Annunziata says that the festival has the twofold charge to serve the Baltic people now living around Boston as well as engage new audiences with Baltic culture. She acknowledges that film preferences for those groups can differ. Of those who lived through political turmoil, she says, “Everybody’s family has somebody who went to Siberia. Somebody died…” Movies with a preponderance of sturm und drang can play an important role in keeping the history alive while also helping people evolve past it. But she also sees levity that she thinks American audiences will appreciate in titles like “The Sign Painter (Piļsāta pi upis),” where a Latvian young man must keep painting over buildings, depending on the regime. Based on a true story, “Firebird (Tulilind)” takes up a queer romance during an era of strict taboo; Estonian director Peeter Rebane is a Harvard graduate. In the case of “The Bog (Soo),” which just premiered in Estonia (the audience included the Estonia president, according to Annunziata), the festival committee made suggestions to improve the English subtitling. The over-the-top period drama turns the Oskar Luts novel into a class-crossed love story that pulses with humor. The ominous threat of the swamp, a common setting for Estonian folk tales, adds to the tension.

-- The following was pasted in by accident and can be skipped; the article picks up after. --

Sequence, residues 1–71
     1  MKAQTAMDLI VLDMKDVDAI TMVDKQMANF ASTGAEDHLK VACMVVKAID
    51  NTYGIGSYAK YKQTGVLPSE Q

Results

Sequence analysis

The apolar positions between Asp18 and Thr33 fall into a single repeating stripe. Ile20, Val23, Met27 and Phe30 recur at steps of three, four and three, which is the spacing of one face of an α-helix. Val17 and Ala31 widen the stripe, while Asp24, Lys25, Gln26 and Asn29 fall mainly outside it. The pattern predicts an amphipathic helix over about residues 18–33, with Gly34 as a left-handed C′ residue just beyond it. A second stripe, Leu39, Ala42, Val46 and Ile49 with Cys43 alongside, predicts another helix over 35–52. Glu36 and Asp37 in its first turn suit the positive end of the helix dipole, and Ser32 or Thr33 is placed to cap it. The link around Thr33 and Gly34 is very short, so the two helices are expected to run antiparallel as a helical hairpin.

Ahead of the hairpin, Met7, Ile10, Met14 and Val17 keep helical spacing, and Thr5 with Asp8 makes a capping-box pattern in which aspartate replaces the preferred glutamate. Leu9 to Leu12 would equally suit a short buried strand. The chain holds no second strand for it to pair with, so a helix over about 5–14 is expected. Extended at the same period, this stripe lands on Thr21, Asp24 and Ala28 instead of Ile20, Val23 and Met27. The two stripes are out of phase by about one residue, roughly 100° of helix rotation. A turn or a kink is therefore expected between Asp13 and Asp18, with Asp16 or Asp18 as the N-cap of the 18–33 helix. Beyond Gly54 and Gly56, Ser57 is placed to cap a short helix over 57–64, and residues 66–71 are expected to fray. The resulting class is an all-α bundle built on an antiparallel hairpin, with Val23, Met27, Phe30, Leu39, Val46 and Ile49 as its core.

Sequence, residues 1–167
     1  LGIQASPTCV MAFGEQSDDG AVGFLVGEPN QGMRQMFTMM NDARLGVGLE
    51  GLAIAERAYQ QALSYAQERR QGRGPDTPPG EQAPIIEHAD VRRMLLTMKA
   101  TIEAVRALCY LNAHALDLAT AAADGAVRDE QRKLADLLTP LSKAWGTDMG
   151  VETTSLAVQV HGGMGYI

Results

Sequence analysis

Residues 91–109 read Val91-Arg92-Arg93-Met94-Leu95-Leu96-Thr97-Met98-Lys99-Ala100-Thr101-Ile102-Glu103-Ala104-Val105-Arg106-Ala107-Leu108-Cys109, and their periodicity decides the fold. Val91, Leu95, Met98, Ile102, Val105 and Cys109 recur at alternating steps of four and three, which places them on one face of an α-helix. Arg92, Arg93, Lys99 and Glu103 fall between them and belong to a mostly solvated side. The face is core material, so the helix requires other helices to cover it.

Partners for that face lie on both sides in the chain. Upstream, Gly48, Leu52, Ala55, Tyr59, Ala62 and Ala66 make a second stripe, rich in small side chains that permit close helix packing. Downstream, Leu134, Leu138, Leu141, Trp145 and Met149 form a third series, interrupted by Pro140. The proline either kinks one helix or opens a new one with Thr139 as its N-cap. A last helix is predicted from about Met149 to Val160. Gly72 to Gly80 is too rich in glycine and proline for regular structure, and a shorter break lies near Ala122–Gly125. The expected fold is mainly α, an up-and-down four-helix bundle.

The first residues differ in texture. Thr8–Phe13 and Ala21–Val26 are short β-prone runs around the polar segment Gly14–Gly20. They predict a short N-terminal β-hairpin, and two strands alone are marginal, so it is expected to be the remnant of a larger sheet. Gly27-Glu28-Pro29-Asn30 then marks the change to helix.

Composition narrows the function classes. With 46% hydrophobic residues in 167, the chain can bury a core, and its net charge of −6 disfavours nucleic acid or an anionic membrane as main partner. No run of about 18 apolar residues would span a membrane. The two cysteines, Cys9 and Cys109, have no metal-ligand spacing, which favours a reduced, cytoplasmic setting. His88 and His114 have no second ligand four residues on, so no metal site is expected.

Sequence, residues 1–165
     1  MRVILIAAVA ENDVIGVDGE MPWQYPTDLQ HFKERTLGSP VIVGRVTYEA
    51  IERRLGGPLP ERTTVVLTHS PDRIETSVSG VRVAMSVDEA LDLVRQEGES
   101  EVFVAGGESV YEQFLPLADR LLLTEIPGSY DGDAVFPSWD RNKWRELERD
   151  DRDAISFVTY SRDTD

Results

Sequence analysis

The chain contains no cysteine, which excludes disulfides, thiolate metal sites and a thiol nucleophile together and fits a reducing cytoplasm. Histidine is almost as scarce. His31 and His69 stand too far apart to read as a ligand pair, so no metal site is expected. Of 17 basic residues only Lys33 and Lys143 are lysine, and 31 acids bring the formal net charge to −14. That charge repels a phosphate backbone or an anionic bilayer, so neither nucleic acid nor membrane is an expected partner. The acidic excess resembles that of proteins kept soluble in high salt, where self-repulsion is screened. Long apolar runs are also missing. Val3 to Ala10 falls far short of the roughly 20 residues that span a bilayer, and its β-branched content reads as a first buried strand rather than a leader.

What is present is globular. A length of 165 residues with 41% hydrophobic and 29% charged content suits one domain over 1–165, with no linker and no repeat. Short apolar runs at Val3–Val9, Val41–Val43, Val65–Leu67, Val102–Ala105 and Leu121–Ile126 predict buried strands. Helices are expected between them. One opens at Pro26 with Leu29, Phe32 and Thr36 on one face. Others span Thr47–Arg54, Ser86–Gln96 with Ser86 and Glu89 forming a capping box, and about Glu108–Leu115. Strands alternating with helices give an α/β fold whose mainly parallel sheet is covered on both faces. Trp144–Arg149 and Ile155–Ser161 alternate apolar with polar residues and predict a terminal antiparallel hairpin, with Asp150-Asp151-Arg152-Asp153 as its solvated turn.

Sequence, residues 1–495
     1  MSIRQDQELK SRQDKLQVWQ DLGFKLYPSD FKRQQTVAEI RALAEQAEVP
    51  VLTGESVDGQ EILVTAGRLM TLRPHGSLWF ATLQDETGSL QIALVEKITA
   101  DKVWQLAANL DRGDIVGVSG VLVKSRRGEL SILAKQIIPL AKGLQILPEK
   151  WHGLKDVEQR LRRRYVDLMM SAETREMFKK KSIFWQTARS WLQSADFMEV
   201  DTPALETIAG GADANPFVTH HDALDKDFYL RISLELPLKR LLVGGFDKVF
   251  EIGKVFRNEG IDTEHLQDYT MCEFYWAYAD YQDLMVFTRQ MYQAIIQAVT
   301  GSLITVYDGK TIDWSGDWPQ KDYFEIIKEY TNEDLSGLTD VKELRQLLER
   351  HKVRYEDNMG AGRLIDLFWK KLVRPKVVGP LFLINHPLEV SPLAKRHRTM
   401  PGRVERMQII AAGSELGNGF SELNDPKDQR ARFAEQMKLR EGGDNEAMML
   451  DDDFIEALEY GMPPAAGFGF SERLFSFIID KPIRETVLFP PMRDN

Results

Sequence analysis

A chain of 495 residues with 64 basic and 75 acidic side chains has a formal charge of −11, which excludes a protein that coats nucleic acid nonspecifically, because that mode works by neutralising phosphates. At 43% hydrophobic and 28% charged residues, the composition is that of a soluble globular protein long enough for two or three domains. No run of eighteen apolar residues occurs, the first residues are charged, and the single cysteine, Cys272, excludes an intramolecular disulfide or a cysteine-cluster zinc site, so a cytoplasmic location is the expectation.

It makes sense to Aija Dreimane, who took on the role of film committee chair with Annunziata’s prompting, that Baltic movies remain concerned with the region’s fight for independence. “We’re still dealing with that trauma and still trying to bring awareness to the world about what happened behind that curtain,” she says. She grew up in Latvia and moved to the U.S. in 2007. In that time, she has noticed that fewer and fewer Americans confuse the Baltics with the Balkans. “We really were off the map for 50 years,” she says.
Over the last five years, anyway, the Boston Baltic Film Festival has helped put Latvia, Lithuania and Estonia on Bostonians’ map.